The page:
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"And for vest of pall, thy fingers small,
That wont on harp to stray,
A cloak must shear from the slaughtered deer,
To keep the cold away."
"O Richard! if my brother died,
'Twas but a fatal chance;
For darkling was the battle tried,
"If pall and vair no more
As warm, we'll say, is the russet gray,
"And, Richard, if our lot be hard,
And lost thy native land,
Still Alice has her own Richard,
Tis merry, 'tis merry, in good greenwood;
On the beech's pride, and oak's brown side,
Up spoke the moody Elfin King,
Who 'woned within the hill,
Like wind in the porch of a ruined church,
Or who may dare on wold to wear
"Up, Urgan, up to yon mortal hie, For thou wert christened man; For cross or sign thou wilt not fly,
For muttered word or ban.
“Lay on him the curse of the withered heart,
Till he wish and pray that his life would part,
"Tis merry, 'tis merry, in good greenwood,
Up Urgan starts, that hideous dwarf,
And, as he crossed and blessed himself,
But out then spoke she, Alice Brand,
"Now loud thou liest, thou bold of mood!
It cleaves unto his hand,
The stain of thine own kindly blood,
The blood of Ethert Brand.' 99
Then forward stepped she, Alice Brand,
"And if there's blood on Richard's hand,
"And I conjure thee, demon elf, By Him whom demons fear,
To show us whence thou art thyself,
And what thine errand here?" what did
ou come here. fav.
""Tis merry, 'tis merry, in Fairy-land,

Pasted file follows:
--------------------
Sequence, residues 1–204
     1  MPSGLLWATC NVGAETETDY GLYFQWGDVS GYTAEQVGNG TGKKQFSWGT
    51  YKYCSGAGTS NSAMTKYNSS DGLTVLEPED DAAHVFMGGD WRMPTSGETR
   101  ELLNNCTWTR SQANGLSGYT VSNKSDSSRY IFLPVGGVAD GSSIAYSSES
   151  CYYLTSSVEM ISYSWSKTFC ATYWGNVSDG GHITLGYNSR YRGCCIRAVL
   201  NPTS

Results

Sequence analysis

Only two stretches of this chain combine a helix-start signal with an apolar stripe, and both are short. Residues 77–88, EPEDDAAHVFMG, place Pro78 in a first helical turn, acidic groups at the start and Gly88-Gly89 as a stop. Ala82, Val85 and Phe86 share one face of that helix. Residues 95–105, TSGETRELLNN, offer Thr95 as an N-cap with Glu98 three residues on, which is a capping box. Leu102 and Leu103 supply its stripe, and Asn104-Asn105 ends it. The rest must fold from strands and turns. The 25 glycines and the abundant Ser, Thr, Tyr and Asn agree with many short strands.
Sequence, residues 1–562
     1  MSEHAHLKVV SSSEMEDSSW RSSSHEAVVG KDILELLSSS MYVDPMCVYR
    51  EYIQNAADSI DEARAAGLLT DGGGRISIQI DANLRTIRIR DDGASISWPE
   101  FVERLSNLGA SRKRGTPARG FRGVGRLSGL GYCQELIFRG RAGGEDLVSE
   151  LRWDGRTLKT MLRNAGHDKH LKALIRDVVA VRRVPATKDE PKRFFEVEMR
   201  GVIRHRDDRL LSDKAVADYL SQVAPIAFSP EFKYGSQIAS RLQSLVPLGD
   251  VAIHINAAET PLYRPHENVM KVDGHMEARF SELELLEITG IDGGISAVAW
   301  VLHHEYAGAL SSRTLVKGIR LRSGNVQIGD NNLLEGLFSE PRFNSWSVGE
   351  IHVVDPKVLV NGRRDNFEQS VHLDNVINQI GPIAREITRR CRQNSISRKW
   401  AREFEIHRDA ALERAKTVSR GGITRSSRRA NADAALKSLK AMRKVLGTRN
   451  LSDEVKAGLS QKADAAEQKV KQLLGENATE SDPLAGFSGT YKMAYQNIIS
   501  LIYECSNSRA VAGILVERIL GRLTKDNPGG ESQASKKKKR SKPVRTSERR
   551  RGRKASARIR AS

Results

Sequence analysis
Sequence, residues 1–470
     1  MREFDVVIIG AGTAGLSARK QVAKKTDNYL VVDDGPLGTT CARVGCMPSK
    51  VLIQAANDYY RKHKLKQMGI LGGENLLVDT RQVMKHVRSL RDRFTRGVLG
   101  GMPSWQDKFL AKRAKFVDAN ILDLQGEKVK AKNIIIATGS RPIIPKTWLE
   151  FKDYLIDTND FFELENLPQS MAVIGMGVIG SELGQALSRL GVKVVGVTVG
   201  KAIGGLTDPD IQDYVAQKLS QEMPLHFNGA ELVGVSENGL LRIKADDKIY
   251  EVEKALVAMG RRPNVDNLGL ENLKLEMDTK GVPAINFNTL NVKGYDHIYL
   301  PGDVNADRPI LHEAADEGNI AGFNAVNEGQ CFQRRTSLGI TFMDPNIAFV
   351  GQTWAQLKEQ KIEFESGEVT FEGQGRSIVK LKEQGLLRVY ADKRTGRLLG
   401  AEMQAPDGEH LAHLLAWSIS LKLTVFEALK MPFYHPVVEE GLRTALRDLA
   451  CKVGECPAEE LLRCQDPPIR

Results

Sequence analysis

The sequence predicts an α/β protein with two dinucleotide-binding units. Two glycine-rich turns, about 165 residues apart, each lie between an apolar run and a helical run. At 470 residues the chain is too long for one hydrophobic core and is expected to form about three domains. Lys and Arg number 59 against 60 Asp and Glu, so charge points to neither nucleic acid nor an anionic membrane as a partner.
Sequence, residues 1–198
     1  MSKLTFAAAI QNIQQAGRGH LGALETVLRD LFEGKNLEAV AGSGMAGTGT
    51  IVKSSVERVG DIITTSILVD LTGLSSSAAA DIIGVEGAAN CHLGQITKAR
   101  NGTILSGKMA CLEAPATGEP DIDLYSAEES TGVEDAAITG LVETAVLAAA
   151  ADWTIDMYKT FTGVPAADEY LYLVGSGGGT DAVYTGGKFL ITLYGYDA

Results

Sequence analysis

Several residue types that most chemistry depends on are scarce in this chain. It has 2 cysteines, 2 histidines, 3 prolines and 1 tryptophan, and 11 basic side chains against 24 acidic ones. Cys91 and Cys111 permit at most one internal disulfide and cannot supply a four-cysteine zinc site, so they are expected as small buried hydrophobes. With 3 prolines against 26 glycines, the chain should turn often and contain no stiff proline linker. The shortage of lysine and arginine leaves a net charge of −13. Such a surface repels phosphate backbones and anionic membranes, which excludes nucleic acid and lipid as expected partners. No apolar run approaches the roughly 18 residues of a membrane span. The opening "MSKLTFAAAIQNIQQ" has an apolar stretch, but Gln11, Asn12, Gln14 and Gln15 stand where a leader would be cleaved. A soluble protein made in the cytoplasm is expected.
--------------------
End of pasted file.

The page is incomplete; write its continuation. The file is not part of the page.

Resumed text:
When fairy birds are singing,
When the court doth ride by their monarch's side,
With bit and bridle ringing:
And gayly shines the Fairy-land
But all is glistening show,
Like the idle gleam that December's beam
Can dart on ice and snow.
"And fading, like that varied gleam,
Is our inconstant shape,
Who now like knight and lady seem,
And now like dwarf and ape.
"It was between the night and day, When the Fairy King has power,
That I sunk down in a sinful fray, fight
To the joy
"But wist I of a woman bold,
Who thrice my brow °durst sign,
I might regain my mortal mould,
She crossed him once- - she crossed him twice
That lady was so brave;
The fouler grew his goblin hue,
The darker grew the cave.
She crossed him thrice, that lady bold;
He rose beneath her hand
The fairest knight on Scottish mould,
Merry it is in good greenwood,
When the mavis and merle are singing,
But merrier were they in Dunfermline gray,
Just as the minstrel sounds were stayed,
'Tis Snowdoun's Knight, 'tis James Fitz-James. Ellen beheld as in a dream,
Then, starting, scarce suppressed a scream:
"O stranger! in such hour of fear
What evil hap has brought thee here?"
"An evil hap how can it be
That bids me look again on thee?
"The happy path!-what! said he naught
Of guarded pass?" "No, by my faith!
Learn thou his purpose, and conjure
"Sweet Ellen, dear my life must be,
When love or honor's weighed with death
And speak my purpose bold at once.
Where ne'er 'before such blossom smiled,